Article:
Wikileaks has recently exposed Temer’s connections to the US Government. Wikileaks has released declassified material showing that Temer was an embassy informant for US intelligence and military, raising serious questions about US Government and corporate involvement in the coup.

The damning evidence was provided in a series of tweets by the WikiLeaks Twitter account that linked Temer to diplomatic cables highlighting the information he provided to the U.S. military and National Security Council.

The USA has long opposed Roussef’s independent-mindedness and participation in the BRICS trade grouping seeing it as a threat to US influence in the region. Edward Snowden’s revelation that the NSA had been tapping her phone, led Roussef to deliver a blistering speech at the United Nations accusing the US of violating international law and violating “the principles that must guide the relations among…friendly nations”.

Leftist governments in Brazil and Venezuela have long been targets of US destabilization efforts. Mark Weisbrot writes that the US has always supported coups against left wing governments in Latin America:

“…including — in just the 21st century — Paraguay in 2012, Haiti in 2011 and 2004, Honduras in 2009, and Venezuela in 2002. President Obama went to Argentina to lavish praise on the new right-wing, pro-U.S. government there, and the administration reversed its prior policy of blocking multilateral loans to Argentina. It could be a coincidence that the scandal at Petrobras followed a major NSA spying operation that targeted the company — or not. And within Brazil today, the opposition is dominated by politicians who favor Washington.”

Democracy Now reported that in the lead up to the coup key Opposition leaders from the PMDP right wing party traveled to Washington to meet with and brief senior US officials.

There is also evidence that some of those involved in the coup have links to the US billionaires and influential political funders, the Koch Bros. The Free Brazil Movement, a far right group committed to neoliberal market solutions, is linked to groups financed by the Koch Bros.

Some groups actively involved in the coup also have direct links to corporations, big business and corporate elite in Brazil. The Chair of the group Students for Liberty has business interests connected to companies previous involved in the 1964 military coup and the organisation VemPra Rua (Come to the Streets) is funded by a foundation owned by Brazil’s richest businessman.

As Glenn Greenwald writes, the Brazilian corporate media is a key player in what he calls a ‘neoliberal coup’, by drumming up and legitimizing corruption allegations and supporting impeachment, supposedly in the name of democracy and freedom and to protect against corruption. This is despite the new right-wing government being more corrupt that the one it replaced.

Reporters Without Borders wrote:

“In a barely veiled manner, the leading national media have urged the public to help bring down President Dilma Rousseff. The journalists working for these media groups are clearly subject to the influence of private and partisan interests, and these permanent conflicts of interests are clearly very detrimental to the quality of their reporting.”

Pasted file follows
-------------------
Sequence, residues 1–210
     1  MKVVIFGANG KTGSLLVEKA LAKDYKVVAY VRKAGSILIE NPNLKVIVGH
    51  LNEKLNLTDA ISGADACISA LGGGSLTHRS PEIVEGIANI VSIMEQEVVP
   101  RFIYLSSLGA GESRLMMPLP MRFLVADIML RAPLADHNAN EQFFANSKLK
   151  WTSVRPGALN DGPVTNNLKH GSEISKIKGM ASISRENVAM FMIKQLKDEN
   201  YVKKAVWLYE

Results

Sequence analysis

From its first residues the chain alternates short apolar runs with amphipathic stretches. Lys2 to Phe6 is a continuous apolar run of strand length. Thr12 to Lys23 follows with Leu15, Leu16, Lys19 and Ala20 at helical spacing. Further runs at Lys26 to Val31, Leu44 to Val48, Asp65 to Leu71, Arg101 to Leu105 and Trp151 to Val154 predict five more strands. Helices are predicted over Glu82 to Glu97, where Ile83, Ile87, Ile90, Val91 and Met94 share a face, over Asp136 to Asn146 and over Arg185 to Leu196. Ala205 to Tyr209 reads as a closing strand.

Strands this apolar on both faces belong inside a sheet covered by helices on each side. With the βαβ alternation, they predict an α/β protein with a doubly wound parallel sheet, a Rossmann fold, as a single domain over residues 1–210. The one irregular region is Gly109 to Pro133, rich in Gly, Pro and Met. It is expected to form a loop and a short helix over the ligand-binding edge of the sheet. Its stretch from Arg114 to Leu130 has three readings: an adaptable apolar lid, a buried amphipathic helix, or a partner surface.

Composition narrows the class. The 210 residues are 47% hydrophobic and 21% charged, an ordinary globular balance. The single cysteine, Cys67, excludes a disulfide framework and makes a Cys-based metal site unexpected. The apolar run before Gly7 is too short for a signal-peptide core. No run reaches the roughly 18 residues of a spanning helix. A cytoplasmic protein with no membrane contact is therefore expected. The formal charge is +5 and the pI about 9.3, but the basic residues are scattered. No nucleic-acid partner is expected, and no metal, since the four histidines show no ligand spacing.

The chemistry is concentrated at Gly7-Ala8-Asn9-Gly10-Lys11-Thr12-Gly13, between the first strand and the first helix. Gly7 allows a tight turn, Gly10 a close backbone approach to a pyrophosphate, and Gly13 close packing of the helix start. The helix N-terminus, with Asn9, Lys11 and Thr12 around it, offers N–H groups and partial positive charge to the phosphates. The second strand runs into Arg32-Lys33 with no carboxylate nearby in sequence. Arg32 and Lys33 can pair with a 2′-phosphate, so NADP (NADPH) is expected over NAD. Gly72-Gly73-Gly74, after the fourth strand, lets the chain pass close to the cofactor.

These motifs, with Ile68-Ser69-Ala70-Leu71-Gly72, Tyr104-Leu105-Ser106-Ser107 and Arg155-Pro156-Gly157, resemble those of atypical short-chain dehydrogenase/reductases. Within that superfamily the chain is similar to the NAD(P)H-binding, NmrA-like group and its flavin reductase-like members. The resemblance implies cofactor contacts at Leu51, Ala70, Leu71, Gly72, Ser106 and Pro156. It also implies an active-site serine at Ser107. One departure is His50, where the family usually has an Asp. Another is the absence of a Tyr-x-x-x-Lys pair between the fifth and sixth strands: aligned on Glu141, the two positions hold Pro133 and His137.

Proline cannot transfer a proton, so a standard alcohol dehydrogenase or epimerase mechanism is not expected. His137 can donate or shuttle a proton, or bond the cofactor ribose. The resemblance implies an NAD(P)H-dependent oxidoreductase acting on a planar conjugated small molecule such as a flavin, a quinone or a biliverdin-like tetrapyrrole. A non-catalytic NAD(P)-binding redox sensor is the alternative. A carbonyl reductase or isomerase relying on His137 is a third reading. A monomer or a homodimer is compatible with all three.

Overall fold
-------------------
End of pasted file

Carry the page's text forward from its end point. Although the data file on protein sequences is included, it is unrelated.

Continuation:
Maria Luisa Mendonca, Director of Brazil Network for Social Justice and Human Rights noted the role of media outlets in calling for demonstrations against the Rousseff government and ignoring large demonstrations against the impeachment:

“A key player is Globo TV, which is known for supporting the military dictatorship that lasted more than 20 years in Brazil. Globo executives were recently mentioned in connection with the Panama Papers, and in the investigations against FIFA for illegal procedures in negotiating broadcast rights of soccer games. At the same time, large demonstrations against the impeachment and in defense of the democratic process that elected president Rousseff have been ignored by mainstream media.”

Response to the coup
Street protests against the coup erupted across Brazil immediately and a group of over 800 international academics and intellectuals calling itself “Humanity Against the Coup in Brazil” released a statement condemning the coup.

The new  government threatened  to criminalise and arrest protesters and demonstrators.

Leaders of other Latin America countries condemned the coup.

In this piece Lawrence Reichard writes on the response of some everyday Brazilians in the neighborhood where he lives in Rio.
Here in Australia there has been virtually no serious reporting of the Brazil, coup. The only reporting Australians get about Brazil focuses on Australia’s preparation for the Rio Olympics.

In The Nation, Dave Zirin writes that the Brazil coup is yet another reason to protest the Rio Olympic Games. Zirin has written previously about the ways that the Brazilian corporate and political elite are exploiting the Rio Olympic Games for private economic gain and political power. Zirin has argued that the Rio Olympics cemented the coup.

There are growing calls for a boycott of the Rio Olympic Games in protest against the coup.